Iskandar’s housing market continues to struggle, as evidenced by the drop in new launches and sales transactions last year, reported The Straits Times recently.
In fact, the number of high-rise residential projects launched last year fell to about a dozen, from 24 in 2014 and 49 in 2013, revealed property consultancy Savills.
Data from the National Property Information Centre (Napic) showed that sales of apartments and condo units for the first three quarters of 2015 dropped 23 percent year-on-year to 1,368 units.
Christopher Boyd, Executive Chairman at Savills Malaysia, noted that the drop in launches can be attributed to developers exercising self-regulation and restraint. In addition, some may be struggling to secure financing.
The slowdown first hit the market in mid-2014 following reports of rising property prices and oversupply concerns. The introduction of the goods and services tax, cooling measures, and the country’s turbulent political scene inevitably affected market confidence.
Fears of a glut were also stoked by the aggressive marketing of mega projects by Chinese developers.
The instability of the ringgit and the general economic slowdown saw most investors adopting a wait-and-see approach, said Landserve (Johor) Executive Director Wee Soon Chit.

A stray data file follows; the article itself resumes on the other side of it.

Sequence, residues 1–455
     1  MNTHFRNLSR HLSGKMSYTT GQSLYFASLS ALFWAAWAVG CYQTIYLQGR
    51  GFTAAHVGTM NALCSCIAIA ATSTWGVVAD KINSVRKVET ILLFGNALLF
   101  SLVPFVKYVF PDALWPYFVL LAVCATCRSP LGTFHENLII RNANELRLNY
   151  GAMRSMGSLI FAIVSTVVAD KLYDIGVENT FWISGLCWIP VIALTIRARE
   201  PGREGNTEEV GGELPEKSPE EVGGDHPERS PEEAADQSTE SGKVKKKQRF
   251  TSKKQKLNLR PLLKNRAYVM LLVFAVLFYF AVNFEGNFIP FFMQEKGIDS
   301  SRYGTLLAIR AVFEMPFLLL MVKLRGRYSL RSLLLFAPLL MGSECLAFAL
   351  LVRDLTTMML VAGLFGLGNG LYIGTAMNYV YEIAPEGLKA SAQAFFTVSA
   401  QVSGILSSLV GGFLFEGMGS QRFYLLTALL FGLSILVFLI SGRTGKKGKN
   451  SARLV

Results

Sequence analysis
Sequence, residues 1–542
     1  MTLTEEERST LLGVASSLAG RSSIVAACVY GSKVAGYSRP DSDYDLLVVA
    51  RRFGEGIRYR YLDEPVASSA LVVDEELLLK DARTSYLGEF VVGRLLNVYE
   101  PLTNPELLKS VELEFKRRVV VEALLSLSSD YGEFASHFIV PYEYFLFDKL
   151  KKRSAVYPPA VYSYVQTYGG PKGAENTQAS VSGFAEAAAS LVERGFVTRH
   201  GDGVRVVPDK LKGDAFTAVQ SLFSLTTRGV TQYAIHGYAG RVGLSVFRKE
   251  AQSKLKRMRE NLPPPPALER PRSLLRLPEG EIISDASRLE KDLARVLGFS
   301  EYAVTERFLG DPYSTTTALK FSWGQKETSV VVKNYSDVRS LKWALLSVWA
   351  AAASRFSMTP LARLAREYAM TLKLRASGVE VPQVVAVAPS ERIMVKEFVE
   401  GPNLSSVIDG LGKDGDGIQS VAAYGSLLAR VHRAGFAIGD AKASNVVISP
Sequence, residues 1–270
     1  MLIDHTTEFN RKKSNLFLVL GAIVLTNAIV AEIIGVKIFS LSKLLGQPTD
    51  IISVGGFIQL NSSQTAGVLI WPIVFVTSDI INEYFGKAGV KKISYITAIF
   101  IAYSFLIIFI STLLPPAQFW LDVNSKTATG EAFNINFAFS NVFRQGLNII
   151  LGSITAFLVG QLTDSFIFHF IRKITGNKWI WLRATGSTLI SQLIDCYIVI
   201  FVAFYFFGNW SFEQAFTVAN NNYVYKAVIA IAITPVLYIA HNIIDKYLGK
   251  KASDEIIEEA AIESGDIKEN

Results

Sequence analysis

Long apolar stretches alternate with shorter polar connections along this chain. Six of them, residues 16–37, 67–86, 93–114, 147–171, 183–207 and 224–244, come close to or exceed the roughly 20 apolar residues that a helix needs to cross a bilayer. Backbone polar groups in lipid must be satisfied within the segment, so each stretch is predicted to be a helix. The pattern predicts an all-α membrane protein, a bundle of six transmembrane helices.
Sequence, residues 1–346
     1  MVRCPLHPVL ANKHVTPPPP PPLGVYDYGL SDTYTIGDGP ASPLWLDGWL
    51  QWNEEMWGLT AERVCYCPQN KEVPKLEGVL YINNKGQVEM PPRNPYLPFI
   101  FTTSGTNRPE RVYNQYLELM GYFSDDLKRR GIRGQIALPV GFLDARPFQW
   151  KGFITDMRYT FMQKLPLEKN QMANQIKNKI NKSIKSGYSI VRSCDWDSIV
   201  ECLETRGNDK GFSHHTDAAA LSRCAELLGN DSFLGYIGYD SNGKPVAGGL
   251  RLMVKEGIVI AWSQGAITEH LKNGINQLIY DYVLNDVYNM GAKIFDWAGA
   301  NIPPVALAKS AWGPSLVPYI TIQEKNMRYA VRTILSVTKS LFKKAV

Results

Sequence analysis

Iskandar, which has entered its 10-year mark since its development plan was unveiled, still lacks proper industrialisation, whereby more business activity could help spur demand for property. In fact, people are only buying houses there to use as second homes.
Nonetheless, developers and property consultants remain confident about the region’s prospects.
“We are encouraged by the massive infrastructure improvements in Iskandar, as well as the investment that has gone into job-creating industries. This, and the logic of the location, guarantees substantial future demand for housing,” said Boyd.
“Sure, some developers jumped the gun, but it is only a matter of time before the market takes off again, and, at some time in the future, house prices in Iskandar could easily become the highest in the country.”